Stinky Skincare Ingredients: How to Work With Cocoa Butter
Welcome to part 4 in this mini-series of working with stinky ingredients!
Now that you've been exercising your nose and making all kinds of amazing discoveries at how clever your nostrils are at picking out subtle details and undertones (if not, check the links below to previous posts), let's get busy with today's project.
We're going to 'bend' the scent of a very popular ingredient for skincare and haircare: cocoa butter.
It almost seems unfair to call this a stinky ingredient. Most people love the smell and taste of a chocolate bar. I know I do. I actually also love the scent of cocoa butter if I am thinking of food.
But we're putting it on our skin.
Not Everyone Wants to Smell like Food all DayAs delicious and chocolatey as cocoa butter might smell in the container, it can become dominant and downright overpowering when it is applied to the skin in a leave-on product.
In a body butter, non-chocolate-tasting lip balm, or any other water-free product, cocoa butter has an uncanny ability to take over and become downright cloying.
No need to work against it when we can work with it. We shall include cocoa butter as a component of our fragrance.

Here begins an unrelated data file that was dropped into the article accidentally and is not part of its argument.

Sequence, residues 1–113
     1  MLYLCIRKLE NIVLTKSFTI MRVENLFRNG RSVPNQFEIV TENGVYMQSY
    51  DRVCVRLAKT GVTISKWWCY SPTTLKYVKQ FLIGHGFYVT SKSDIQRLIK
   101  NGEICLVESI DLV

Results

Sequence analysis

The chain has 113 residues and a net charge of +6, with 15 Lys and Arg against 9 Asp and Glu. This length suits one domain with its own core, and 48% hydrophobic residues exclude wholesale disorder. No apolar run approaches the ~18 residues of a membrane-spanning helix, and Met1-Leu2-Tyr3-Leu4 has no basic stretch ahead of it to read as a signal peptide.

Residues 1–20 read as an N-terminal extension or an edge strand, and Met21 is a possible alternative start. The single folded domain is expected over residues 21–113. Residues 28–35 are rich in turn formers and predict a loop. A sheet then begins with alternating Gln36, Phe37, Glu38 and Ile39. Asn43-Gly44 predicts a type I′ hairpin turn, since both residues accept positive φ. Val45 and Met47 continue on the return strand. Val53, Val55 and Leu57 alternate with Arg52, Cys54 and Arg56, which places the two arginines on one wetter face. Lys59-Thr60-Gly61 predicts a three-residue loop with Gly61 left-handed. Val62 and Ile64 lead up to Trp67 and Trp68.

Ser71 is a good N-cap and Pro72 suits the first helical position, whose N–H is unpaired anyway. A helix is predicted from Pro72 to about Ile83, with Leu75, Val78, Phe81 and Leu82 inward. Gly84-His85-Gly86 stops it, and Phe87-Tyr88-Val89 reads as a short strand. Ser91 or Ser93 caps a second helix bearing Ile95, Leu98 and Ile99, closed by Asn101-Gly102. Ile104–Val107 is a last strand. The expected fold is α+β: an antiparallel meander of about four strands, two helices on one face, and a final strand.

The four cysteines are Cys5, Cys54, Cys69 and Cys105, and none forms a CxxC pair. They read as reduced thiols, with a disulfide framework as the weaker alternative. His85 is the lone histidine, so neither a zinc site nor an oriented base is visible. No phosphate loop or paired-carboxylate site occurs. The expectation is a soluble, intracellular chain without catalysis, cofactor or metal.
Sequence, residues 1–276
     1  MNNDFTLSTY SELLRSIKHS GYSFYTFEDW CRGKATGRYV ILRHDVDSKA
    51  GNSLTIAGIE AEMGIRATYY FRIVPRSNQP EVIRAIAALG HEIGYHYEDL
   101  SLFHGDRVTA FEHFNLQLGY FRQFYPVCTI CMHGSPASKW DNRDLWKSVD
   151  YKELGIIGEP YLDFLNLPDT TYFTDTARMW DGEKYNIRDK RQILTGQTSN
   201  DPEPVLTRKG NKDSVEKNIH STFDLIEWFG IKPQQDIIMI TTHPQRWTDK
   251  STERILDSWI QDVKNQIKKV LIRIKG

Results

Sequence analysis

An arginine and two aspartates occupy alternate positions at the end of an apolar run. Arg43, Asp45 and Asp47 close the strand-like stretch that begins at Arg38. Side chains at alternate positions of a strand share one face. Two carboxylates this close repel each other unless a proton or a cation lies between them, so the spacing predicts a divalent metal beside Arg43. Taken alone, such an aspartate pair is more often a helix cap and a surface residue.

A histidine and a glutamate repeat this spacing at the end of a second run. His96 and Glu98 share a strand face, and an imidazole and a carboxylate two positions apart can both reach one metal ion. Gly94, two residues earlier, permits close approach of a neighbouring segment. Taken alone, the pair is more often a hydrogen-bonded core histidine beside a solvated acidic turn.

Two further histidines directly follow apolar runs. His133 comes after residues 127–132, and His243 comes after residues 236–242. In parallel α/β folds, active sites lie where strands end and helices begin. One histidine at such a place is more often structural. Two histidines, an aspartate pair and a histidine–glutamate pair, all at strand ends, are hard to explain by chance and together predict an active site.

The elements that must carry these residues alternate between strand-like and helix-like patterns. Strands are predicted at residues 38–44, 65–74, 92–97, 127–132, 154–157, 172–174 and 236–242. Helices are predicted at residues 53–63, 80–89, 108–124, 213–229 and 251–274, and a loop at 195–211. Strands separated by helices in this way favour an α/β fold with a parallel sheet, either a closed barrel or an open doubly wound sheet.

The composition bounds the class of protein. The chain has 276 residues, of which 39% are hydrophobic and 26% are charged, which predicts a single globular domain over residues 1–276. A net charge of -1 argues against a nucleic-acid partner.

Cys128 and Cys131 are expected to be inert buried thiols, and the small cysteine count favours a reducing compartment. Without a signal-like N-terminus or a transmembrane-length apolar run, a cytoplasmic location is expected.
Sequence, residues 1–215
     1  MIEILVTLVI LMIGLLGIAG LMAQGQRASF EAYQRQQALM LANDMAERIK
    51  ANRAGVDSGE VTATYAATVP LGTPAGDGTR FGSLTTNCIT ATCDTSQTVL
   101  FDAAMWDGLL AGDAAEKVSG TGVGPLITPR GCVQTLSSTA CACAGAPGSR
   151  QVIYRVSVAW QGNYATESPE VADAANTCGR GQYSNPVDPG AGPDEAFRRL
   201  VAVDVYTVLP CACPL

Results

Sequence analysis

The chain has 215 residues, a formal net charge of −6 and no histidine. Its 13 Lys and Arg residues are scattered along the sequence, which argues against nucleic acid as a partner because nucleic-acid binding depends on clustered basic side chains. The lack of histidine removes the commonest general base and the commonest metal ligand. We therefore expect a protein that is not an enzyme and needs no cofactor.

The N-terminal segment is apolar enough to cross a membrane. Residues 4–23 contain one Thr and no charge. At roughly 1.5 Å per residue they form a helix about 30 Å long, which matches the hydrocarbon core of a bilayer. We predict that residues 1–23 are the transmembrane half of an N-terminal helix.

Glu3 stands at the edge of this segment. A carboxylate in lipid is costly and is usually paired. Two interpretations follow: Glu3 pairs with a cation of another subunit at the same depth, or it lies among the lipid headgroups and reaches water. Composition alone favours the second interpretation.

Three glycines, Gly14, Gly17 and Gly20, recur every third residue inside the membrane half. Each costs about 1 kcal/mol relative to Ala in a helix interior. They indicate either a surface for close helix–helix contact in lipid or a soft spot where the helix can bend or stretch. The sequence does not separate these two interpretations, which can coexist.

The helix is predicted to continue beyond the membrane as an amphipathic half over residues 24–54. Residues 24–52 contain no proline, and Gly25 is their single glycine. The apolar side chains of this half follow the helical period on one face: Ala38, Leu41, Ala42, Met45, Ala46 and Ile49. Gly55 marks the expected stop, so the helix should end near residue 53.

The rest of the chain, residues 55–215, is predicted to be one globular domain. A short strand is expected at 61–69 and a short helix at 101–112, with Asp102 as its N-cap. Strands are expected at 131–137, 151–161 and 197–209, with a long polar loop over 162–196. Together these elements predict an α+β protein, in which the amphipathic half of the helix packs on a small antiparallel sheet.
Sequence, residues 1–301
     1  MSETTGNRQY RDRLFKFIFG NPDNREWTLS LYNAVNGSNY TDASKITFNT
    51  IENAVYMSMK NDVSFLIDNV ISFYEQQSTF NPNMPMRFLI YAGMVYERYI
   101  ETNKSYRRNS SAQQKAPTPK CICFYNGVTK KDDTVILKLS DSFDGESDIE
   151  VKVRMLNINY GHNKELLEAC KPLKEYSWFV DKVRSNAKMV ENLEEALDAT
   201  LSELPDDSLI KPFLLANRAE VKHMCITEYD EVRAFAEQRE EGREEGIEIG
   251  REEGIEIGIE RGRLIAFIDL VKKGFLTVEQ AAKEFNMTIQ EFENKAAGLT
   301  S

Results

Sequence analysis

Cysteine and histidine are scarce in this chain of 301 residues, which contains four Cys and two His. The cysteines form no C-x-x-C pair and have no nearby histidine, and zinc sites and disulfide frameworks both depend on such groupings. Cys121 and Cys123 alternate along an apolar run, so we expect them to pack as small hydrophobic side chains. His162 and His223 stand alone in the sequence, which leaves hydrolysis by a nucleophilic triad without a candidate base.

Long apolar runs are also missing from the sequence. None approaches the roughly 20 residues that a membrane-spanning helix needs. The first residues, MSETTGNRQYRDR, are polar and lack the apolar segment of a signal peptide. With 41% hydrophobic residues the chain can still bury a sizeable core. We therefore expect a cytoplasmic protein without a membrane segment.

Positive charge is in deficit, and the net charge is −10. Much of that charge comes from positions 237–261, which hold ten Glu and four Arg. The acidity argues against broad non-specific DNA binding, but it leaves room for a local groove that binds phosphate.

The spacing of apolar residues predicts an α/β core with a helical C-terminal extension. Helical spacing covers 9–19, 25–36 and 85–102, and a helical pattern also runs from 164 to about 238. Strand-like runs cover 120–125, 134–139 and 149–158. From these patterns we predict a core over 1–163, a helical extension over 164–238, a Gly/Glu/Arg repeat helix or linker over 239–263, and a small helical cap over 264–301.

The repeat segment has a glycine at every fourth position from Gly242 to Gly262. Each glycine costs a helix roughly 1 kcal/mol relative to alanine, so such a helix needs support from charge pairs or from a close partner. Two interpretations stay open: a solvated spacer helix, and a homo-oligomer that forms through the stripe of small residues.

Here's a little exercise on how to do just that.
The Base Note – Cocoa ButterMelt 5 grams (a teaspoon) of cocoa butter in a small glass container (5 grams for each scent you want to create).
Have your essential oils ready.
Sniff the cocoa butter. Note the heavy, creamy, and chocolate-like properties. This is the base note of your scent.
Next step is to decide which direction to go, then choose middle and top notes.
Here are a couple of examples to get you started.
WoodsyFor a woodsy scent, add a component such as cedarwood, rosewood, petitigrain, or sandalwood. A combination of these could even be used. Round out the blend by introducing an element of citrus freshness – bergamot, mandarin, blood orange, grapefruit, or lemon could all be considered.
OrientalTo bend your cocoa butter in a more exotic direction, add myhrr or frankincense. Introduce a floral element with rose or geranium, then consider a titch of vanilla to round out the scent and make it deliciously exotic.
FloralFor a floral scent, start with a woodsy component to anchor the chocolate-ness of the cocoa butter. Add florals on top, but choose rich florals such as geranium, or rose. The lighter florals risk being 'buried'. Chamomile – with its inherent earthy note – is another useful option. Lavender and/or an element of citrus can be added to round out the scent.
More? You Decide!Want to try something else? Go for it! Now that your nose is 'tuned in', go forth and create fabulous scents with cocoa butter as the base note!
Note: this series of 'stinky ingredient' exercises is all about combining the natural scent of the ingredient with essential oils. Because fragrance oils and I have never been good friends, I am unfortunately unable to offer any input if you have questions regarding the use of synthetic fragrances.
Do TellWhich scent combos did you add to cocoa butter to bend the scent in the direction you wanted? Were you happy with them?
Previous Posts about Stinky IngredientsPart 1